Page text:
An investigation of prescribed risk management practices in engineering design
Lee, Benjamin David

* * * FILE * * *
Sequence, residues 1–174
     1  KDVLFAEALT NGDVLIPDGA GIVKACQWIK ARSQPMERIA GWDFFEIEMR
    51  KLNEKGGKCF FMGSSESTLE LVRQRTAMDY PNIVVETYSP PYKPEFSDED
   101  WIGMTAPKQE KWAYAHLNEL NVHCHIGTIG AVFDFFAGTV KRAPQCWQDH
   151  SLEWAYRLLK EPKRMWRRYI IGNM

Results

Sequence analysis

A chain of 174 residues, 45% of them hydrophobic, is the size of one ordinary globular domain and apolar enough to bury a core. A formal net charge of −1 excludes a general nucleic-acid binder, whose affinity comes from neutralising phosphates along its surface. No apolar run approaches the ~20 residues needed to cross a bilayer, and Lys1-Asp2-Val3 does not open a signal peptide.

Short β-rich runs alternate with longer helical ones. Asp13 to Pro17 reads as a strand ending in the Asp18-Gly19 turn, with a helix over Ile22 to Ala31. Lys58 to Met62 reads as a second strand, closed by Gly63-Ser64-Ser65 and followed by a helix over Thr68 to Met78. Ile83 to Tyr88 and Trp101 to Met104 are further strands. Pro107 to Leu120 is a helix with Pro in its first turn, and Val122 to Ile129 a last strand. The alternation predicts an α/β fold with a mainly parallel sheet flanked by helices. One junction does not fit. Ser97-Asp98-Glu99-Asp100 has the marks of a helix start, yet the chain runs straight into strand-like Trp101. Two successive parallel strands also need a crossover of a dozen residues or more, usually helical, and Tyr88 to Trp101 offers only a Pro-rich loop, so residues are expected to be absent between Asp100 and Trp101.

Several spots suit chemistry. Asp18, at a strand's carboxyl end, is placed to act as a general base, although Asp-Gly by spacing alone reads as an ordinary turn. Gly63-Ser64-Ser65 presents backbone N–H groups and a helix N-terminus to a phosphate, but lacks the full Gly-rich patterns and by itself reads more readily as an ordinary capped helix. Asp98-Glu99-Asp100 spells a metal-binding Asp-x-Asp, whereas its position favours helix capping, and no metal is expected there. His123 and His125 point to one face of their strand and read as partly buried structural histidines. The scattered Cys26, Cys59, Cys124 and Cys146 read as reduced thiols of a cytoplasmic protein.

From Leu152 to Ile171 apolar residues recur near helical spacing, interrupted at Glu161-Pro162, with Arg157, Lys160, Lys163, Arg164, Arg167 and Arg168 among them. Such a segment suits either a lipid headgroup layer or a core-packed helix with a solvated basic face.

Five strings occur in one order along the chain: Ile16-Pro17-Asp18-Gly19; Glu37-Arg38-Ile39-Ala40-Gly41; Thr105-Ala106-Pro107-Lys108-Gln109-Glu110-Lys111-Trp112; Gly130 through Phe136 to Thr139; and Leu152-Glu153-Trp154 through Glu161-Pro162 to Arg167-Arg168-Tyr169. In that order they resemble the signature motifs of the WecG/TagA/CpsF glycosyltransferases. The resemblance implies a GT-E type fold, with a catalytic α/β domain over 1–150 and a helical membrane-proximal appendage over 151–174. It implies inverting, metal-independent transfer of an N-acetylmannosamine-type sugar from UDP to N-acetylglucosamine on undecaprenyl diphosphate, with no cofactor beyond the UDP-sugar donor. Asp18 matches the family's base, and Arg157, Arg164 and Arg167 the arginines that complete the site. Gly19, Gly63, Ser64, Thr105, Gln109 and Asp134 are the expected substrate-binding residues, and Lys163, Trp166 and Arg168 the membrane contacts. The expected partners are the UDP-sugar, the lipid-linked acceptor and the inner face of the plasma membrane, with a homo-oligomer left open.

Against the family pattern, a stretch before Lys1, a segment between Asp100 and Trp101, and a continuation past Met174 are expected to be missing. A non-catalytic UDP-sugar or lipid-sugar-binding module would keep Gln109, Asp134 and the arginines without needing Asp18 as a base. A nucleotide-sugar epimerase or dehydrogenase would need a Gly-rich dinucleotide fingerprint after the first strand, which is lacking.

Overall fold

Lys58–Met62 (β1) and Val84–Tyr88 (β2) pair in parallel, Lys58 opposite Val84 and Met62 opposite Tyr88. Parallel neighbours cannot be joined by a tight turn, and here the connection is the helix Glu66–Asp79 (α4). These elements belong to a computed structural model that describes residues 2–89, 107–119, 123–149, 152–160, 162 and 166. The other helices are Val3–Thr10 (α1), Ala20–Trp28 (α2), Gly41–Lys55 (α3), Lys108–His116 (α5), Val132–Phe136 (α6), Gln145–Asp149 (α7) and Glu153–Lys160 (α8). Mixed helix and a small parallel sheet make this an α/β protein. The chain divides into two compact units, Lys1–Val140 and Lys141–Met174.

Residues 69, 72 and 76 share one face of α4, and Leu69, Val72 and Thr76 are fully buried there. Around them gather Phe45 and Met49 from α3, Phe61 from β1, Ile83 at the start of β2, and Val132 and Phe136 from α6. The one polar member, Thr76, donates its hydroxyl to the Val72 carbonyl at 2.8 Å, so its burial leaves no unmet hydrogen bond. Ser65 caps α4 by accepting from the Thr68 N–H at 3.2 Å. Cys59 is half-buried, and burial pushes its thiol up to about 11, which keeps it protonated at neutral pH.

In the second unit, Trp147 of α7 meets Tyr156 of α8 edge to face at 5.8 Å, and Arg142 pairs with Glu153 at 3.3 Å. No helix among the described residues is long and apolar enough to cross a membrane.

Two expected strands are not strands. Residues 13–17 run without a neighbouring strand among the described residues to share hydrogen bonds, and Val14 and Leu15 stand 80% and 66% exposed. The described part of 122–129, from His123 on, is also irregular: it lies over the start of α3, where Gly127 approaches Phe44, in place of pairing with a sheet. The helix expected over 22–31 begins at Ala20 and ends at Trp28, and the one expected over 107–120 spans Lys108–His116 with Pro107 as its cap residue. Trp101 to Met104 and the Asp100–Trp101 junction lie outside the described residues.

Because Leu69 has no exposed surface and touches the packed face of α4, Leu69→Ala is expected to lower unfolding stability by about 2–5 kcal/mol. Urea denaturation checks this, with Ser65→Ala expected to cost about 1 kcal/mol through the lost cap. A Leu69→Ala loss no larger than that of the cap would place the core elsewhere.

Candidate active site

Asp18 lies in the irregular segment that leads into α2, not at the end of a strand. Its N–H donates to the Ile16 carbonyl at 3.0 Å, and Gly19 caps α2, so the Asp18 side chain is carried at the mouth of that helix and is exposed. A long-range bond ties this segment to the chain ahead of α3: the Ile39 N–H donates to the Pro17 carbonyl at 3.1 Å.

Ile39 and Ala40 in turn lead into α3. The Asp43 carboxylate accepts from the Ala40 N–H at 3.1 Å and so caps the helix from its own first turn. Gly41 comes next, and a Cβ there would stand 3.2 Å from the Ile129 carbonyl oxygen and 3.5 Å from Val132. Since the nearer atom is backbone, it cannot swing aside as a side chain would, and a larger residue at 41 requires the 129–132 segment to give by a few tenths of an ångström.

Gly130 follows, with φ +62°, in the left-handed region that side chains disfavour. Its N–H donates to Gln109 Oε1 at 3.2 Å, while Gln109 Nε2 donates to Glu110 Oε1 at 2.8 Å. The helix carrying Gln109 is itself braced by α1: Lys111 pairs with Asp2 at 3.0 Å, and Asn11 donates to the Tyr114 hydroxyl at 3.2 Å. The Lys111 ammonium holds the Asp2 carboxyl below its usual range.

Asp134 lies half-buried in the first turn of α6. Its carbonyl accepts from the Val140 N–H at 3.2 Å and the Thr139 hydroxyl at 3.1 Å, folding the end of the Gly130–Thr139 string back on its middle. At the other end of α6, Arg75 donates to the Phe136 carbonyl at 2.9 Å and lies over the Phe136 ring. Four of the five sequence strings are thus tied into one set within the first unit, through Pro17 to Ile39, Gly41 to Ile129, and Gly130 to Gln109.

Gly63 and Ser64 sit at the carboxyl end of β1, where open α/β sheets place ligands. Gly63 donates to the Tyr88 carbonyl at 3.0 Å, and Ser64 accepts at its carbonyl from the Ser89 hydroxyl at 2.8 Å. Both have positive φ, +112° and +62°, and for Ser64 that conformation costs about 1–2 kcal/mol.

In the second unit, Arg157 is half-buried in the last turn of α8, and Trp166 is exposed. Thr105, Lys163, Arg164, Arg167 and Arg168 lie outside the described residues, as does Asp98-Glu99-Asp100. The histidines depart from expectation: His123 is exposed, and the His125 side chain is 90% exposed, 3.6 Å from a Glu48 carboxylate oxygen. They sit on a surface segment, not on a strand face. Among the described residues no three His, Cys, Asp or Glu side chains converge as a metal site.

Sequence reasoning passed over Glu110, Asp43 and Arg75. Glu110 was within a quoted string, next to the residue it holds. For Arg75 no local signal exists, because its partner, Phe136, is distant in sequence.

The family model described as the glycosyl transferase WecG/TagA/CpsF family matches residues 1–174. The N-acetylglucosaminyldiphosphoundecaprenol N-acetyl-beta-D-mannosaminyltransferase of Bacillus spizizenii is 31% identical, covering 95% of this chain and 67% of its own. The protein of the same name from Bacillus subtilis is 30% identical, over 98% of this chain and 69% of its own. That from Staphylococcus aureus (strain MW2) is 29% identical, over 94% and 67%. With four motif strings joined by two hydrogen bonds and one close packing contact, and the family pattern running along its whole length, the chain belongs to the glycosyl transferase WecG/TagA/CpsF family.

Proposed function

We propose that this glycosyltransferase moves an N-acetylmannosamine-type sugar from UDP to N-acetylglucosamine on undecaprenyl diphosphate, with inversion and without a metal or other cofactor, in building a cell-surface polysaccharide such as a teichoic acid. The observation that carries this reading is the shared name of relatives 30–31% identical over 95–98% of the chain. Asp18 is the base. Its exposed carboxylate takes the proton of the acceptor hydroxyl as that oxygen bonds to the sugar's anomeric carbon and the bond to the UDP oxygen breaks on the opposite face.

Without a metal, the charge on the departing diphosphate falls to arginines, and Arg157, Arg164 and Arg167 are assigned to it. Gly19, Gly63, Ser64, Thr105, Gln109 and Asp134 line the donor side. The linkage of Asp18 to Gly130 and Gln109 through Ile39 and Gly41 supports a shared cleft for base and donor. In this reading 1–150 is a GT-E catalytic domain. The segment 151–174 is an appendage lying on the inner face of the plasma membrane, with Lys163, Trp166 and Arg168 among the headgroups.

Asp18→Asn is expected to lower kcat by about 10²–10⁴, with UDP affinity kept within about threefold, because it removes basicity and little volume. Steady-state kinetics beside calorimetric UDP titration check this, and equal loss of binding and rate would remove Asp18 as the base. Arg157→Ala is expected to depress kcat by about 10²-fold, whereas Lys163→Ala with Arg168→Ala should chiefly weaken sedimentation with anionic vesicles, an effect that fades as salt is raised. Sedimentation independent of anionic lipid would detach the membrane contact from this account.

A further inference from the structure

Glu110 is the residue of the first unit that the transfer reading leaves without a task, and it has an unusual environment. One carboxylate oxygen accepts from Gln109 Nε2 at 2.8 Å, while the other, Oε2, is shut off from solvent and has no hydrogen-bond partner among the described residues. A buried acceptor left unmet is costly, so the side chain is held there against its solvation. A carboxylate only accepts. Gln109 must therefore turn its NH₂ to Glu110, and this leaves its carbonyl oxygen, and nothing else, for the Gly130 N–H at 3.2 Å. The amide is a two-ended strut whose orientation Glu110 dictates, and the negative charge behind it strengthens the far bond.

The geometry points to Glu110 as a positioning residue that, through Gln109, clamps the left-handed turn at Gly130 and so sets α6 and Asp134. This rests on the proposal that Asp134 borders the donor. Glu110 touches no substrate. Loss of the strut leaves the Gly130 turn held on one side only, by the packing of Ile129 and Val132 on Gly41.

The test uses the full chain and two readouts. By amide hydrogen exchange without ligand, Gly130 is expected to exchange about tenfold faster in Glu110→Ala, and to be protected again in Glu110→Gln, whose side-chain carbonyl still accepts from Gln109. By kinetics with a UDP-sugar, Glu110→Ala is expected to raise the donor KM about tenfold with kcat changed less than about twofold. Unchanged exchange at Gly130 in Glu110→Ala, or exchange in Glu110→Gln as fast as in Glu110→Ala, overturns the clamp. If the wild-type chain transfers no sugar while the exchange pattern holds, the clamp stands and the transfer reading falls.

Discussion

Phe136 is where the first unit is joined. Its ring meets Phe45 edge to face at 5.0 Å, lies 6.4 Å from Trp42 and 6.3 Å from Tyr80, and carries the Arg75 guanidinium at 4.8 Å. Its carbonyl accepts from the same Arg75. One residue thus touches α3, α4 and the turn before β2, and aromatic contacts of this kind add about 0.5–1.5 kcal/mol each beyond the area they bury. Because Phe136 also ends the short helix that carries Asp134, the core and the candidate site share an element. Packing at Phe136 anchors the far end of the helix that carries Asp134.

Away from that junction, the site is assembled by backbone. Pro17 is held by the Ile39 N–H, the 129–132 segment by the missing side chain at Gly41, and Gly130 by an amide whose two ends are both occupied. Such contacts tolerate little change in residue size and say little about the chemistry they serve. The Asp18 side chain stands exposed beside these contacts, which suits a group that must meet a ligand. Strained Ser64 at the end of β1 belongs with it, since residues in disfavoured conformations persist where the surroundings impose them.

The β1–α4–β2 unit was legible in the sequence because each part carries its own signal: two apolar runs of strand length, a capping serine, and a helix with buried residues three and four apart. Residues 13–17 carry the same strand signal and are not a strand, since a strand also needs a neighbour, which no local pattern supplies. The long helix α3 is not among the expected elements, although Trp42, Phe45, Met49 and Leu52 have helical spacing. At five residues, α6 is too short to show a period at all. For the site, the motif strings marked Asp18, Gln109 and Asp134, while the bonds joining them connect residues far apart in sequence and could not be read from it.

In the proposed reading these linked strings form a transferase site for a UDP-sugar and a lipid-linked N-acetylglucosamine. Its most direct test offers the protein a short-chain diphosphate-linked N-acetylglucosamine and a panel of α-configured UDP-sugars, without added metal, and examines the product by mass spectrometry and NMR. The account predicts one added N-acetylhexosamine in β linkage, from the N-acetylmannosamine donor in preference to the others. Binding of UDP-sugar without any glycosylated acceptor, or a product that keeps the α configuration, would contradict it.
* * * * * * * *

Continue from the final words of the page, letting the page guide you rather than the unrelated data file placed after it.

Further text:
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In this thesis, a decision model for examining prescribed risk management practices in engineering design is presented. The decision model explicitly considers the effects that design decisions under uncertainty have on the overall utility of the design process. These effects are important to consider because, according to Utility Theory, the designer should make decisions such that the expected utility is maximized. However, a significant portion of the literature neglects the costs of the design process, and focuses only on the quality of the design artifact, or at best includes its manufacture when determining the utility of an alternative. When designers neglect the costs of the design process, they cannot make tradeoffs between the costs of the design process and the quality of the artifact. As compared to previous work in this area, the decision model presented includes the effects of temporally degrading product utility on design decisions. The decision model is used to investigate the impacts of degrading product utilities in products that launch later as a result of the duration of design actions performed. In this thesis, the decision model is leveraged to investigate two key trends in engineering design resulting from increasing temporally-based costs. To support the conclusions in this thesis, quantitative evaluations of the decision model are investigated for two case studies. The conclusions are additionally supported through evaluations of the decision model in boundary plots that visualize prescribed behavior for designers over varying model parameters.